No summer holiday for new analyst ratings.
By Christopher Franz, CFA | 09-11-17 | 06:00 AM | Email Article

In August, Morningstar manager research analysts affirmed the Morningstar Analyst Ratings of 95 funds and two target-date series, upgraded the ratings of eight funds, downgraded the ratings of seven funds, and assigned new ratings to 48 funds. Below are some of August’s highlights, followed by the full list of ratings changes.

Christopher Franz is a manager research analyst for Morningstar.

Upgrades:
The rating for  PIMCO Mortgage Opportunities was raised to Silver from Bronze because of continued improvements at the firm and the fund’s reasonable fee level. Dan Hyman, who co-heads PIMCO’s agency mortgage portfolio management team, has run the fund since its 2012 inception. Hyman and team rely on PIMCO’s deep economic outlook to craft a benchmark-agnostic portfolio, which has an absolute return, Libor-based return target.

Compared with peers in the nontraditional bond Morningstar Category, the fund sticks mainly to mortgage-related investments, which have boosted returns since its inception. This go-anywhere approach can introduce risk, as exhibited by the fund’s increasing mortgage derivative exposure, but due to strong bottom-up security selection and the firm’s deep analytical advantages, Hyman and his team have demonstrated an ability to manage risk prudently.

The rating for  T. Rowe Price International Stock was upgraded to Bronze from Neutral due to increased confidence in its manager. Richard Clattenburg joined the fund as an analyst in 2007, was promoted to associate manager in 2010, and became lead manager in 2015 when Bob Smith retired. He’s plying a similar approach as his predecessor, seeking international companies with strong balance sheets, healthy free cash flows, and good growth prospects. Thus far, Clattenburg’s strong stock picks in China and several European markets have given the fund a performance edge versus the MSCI ACWI ex USA Index and foreign large-growth peers from his 2015 start date through August 2017. He’s also supported by T. Rowe’s large equity analyst team, which has demonstrated success across various international equity funds.

Downgrades:
Due to uncertainty over an upcoming manager change, the rating for  Fidelity Small Cap Stock was cut to Neutral from Bronze. Lead manager Lionel Harris, who’s managed the fund since late 2011, is stepping down in June 2018 to focus on other Fidelity projects. Taking over is Kip Johann-Berkel, a Fidelity research analyst who joined the firm in 2009. Johann-Berkel has covered a wide range of sectors as a small-cap analyst, including industrials, consumers, and financials, and he’ll receive support from the firm’s deep small-cap team, but this fund represents his first management charge. He joined the fund as a comanager in July 2017 and plans to keep much of Harris’s process intact, though he may look for names lower in market cap. The two will work together to transition the fund, but it’s uncertain how the fund’s complexion will look in the future.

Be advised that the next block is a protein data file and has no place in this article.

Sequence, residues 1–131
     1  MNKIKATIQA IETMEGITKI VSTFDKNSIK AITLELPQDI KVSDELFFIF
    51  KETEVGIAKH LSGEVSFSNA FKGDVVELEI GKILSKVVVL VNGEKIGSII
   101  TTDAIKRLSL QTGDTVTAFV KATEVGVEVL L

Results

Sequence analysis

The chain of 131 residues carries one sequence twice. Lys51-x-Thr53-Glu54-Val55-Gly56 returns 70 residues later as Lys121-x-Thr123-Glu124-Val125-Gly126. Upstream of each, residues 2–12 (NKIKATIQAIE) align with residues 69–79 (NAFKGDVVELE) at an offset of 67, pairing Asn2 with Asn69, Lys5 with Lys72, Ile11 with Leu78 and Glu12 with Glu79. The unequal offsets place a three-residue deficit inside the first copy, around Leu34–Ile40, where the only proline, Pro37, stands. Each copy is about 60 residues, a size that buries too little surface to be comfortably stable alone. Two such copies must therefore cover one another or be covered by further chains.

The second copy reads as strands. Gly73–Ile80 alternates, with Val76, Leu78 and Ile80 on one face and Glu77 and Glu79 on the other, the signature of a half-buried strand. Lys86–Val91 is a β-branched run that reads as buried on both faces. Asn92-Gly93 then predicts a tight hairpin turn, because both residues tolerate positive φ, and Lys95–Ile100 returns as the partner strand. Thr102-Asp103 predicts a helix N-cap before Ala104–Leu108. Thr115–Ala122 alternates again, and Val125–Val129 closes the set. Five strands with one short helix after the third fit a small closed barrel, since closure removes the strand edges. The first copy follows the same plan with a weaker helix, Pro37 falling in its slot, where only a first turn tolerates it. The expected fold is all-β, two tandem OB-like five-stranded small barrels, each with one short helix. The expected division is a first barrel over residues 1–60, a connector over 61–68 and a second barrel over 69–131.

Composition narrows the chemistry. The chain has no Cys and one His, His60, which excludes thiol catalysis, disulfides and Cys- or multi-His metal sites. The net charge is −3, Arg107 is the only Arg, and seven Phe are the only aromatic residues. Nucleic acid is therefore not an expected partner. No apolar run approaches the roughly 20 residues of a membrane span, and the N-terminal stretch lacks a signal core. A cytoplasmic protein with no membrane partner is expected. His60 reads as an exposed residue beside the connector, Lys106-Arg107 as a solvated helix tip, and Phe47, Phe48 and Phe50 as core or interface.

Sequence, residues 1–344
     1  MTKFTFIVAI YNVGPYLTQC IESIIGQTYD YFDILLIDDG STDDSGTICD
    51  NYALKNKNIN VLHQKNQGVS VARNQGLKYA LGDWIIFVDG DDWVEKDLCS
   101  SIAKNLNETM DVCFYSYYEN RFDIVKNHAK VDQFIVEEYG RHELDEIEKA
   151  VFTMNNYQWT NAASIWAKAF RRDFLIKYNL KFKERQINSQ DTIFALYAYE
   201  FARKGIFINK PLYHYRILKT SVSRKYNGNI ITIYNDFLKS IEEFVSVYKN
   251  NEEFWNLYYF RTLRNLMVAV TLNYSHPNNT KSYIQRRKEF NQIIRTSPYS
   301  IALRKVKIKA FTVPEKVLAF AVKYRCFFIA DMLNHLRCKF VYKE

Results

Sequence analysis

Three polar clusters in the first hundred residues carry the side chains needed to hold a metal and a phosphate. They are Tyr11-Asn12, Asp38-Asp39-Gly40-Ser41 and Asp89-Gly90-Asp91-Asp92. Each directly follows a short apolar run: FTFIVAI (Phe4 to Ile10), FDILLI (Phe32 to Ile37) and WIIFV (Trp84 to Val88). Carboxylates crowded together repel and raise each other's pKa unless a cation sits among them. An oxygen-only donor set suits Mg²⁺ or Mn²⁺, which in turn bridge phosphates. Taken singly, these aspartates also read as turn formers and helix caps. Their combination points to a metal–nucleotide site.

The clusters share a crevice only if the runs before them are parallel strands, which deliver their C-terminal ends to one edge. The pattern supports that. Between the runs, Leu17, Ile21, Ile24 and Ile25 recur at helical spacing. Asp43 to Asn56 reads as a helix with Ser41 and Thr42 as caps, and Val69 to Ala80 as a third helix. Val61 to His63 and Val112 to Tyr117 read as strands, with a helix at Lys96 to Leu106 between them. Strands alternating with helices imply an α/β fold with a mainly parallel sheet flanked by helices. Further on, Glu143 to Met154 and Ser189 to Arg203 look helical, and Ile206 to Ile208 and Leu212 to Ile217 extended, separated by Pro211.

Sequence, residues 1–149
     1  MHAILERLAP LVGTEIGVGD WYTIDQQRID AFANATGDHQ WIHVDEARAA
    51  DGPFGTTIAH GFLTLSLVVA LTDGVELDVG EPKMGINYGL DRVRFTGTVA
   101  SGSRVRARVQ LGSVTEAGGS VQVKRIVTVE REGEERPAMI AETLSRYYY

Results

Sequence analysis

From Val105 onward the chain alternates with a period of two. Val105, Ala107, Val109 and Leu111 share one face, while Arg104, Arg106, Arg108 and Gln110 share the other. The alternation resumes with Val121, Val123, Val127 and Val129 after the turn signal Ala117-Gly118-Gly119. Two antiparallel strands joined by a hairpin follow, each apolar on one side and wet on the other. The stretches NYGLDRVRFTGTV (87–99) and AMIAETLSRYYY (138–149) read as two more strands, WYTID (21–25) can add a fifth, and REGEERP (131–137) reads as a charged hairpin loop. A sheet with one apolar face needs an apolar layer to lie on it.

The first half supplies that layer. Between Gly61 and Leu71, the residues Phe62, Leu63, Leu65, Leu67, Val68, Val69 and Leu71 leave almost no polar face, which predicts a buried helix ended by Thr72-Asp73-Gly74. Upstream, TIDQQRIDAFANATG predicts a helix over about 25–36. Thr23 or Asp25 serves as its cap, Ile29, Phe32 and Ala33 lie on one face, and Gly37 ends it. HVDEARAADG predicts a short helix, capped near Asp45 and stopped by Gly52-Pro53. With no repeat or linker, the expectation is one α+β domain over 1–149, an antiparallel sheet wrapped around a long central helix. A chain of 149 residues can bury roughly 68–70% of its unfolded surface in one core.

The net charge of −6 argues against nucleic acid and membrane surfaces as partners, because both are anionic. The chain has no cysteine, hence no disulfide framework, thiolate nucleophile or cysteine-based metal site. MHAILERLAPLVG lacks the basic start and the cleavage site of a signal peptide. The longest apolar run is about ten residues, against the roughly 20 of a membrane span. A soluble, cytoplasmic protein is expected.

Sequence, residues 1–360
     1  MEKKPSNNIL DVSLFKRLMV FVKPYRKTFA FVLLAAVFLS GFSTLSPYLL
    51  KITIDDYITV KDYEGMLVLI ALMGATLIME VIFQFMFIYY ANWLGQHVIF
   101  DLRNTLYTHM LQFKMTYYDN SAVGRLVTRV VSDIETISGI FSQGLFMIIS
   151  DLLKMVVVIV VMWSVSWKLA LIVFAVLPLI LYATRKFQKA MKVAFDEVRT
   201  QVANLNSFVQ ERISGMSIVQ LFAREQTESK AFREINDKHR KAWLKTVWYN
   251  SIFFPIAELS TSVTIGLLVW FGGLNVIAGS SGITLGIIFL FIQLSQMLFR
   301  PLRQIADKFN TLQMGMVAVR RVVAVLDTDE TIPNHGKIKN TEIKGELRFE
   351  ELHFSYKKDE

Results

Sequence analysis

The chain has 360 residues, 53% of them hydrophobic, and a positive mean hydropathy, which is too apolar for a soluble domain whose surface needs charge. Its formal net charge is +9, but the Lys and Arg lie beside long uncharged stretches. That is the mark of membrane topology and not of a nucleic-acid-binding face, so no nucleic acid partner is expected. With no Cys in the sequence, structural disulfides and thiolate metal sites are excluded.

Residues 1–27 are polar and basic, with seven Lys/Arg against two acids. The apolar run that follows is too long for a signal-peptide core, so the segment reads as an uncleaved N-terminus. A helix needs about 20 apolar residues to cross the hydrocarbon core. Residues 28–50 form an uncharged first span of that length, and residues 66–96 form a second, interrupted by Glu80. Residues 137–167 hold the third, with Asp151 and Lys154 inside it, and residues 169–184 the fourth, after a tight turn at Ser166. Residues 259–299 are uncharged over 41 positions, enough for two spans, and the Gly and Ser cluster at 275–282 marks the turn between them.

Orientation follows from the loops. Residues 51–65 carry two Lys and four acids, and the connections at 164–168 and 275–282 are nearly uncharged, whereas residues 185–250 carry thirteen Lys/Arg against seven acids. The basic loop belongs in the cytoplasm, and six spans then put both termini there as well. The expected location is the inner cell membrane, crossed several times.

New Ratings:
 JHancock Disciplined Value Mid Cap received an inaugural Silver rating due to its seasoned management team and time-tested process. Lead manager Steve Pollack is co-CEO and CIO of subadvisor Boston Partners and is well resourced, supported by a comanager and 28 additional analysts. The team uses a quantitative screen to rank stocks on factors such as valuation and momentum, and following further fundamental analysis, Pollack adds compelling ideas to the roughly 130-stock fund. The fund’s record is strong: It outpaces its Russell Midcap Value Index and peers over Pollack’s tenure, but capacity is a concern. Assets have ballooned from under $1 billion in 2010 to over $14 billion as of July 2017. The fund closed to new investors in 2014, and there have not yet been noticeable effects, but its continued growth bears monitoring. 

 Voya Intermediate Bond features a thorough process, attractive performance, and low fees, leading to a Silver rating. The fund was retooled following poor performance in 2008’s financial crisis, where it was drubbed by peers and the Bloomberg Barclays U.S. Aggregate Bond Index. Christine Hurtsellers took over at the start of 2009 and was joined by Matthew Toms in the second half of 2010. Together the two have implemented an in-depth process that has featured exposure to high-yield and emerging-markets debt. Hurtsellers stepped off the fund in April 2017 as she became CEO of Voya’s investment management division, but Toms, who serves as the firm’s fixed income CIO, remains well-resourced: two new comanagers—the group’s heads for securitized and credit research—were just added to the fund.


  source: Morningstar

 

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Christopher Franz, CFA does not own shares in any of the securities mentioned above. Find out about Morningstar's editorial policies.
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